Publishers: Getting to know you

Connecting puzzle piecesBook publishing is the long game. Thinking of publishing in a short-term way will likely either get you discouraged or frustrated.

Of course, publishing starts with an idea and the desire to communicate it to your community. Once you are ready to act on it, a publisher (likely) needs to come into the picture. Authors may know the names of publishers in their field, usually from going to conference or speaking with their salespeople. But how do you approach them with your idea? I would suggest you start well before any proposal or actual discussion. Developing connections or relationships with publishers can pay off in many ways.

Salespeople play a valuable role in the process of disseminating information from the publisher to the community. They can be a good first start, but you need to connect with other people. In book publishing (as opposed to journal publishing), acquisitions editors (sometimes called commissioning editor) are the key people to know. Acquisitions editors work as part of a team, acquiring books for publication.  Other titles connected with the acquisitions process might be senior editor, publisher, or other titles in the management structure.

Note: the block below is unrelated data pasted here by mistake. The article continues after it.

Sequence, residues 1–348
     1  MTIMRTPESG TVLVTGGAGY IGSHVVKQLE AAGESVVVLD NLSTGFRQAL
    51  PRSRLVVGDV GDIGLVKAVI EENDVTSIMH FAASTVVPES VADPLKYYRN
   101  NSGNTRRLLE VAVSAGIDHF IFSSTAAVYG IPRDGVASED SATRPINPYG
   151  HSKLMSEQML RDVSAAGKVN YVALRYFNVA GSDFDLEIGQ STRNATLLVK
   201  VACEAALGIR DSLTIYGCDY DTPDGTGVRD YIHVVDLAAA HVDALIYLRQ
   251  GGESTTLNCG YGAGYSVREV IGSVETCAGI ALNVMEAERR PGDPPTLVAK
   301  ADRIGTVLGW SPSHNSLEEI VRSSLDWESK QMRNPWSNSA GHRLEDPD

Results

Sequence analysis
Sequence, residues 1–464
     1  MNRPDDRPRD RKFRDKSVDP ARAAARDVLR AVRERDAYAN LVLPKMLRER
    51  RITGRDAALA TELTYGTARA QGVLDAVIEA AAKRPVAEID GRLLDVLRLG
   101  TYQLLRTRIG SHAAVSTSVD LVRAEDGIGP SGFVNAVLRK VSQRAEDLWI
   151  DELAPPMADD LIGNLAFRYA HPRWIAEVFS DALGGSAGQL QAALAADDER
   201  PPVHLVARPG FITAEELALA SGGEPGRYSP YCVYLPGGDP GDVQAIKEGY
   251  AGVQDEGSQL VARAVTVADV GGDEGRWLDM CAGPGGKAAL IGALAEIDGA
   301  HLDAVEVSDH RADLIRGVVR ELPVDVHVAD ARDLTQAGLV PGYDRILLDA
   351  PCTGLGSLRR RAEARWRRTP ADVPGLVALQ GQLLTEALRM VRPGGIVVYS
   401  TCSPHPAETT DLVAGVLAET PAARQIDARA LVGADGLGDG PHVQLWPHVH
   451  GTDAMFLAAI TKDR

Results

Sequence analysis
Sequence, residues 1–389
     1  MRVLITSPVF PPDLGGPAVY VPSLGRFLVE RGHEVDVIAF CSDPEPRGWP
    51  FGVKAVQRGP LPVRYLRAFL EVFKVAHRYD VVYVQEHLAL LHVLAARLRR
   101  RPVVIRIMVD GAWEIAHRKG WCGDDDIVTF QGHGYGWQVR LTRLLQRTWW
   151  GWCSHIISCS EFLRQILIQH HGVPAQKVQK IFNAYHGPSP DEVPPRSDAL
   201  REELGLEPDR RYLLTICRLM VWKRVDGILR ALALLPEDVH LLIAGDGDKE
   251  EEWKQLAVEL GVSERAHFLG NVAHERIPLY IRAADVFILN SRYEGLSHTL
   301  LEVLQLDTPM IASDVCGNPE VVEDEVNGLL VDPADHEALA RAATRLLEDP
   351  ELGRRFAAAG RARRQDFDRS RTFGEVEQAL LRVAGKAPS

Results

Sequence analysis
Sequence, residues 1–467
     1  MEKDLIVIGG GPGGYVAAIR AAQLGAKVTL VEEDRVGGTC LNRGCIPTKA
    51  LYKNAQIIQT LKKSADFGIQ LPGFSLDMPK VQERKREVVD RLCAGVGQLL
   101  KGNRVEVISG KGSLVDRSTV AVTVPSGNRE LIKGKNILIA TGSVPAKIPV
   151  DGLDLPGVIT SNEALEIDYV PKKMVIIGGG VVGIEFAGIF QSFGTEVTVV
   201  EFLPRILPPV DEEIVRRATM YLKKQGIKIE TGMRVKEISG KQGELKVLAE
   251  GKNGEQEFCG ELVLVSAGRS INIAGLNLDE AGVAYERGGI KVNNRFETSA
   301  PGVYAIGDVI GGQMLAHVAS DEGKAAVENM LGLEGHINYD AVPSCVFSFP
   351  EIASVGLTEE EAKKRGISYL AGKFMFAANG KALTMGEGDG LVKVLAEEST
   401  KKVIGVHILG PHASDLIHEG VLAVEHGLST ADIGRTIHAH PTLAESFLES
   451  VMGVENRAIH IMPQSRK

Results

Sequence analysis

To develop a relationship with an editor (and therefore a publishing house), start with no agenda. Talk to them at a conference or on a call. Find out where they see the changes in the market, how are they fine-tuning their line, what’s the next big growth area? Offer to help them. Do they need peer reviewers for manuscripts or book proposals? Are there focus groups or round tables that they hold to understand the market?

Follow the publisher on Twitter or LinkedIn and see how active they are. Give them a retweet or make comment. Engage their salespeople about what books are selling.

Strive to become a resource for the publisher about your area. You can do this for a couple of publishers. There is no exclusivity here. Publishers want and need these relationships.

If you pursue this path, I only suggest you go down this road in a genuine and enthusiastic manner. The market knowledge you gain may make your potential project better. You will also have options when you are ready with your project.

You can never have enough contacts or new friends and who knows what opportunities might arise. Cue Julie Andrews’ music:

Getting to know you

Getting to know all about you


John BondJohn Bond is a publishing consultant at Riverwinds Consulting and the host of the YouTube channel “Publishing Defined.” He has been in scholarly publishing for over 25 years. In his career, he has directed the publishing of over 500 book titles and 20,000 journal articles. His newest eBook is Scholarly Publishing: A Primer. Contact him at jbond@riverwindsconsulting.com.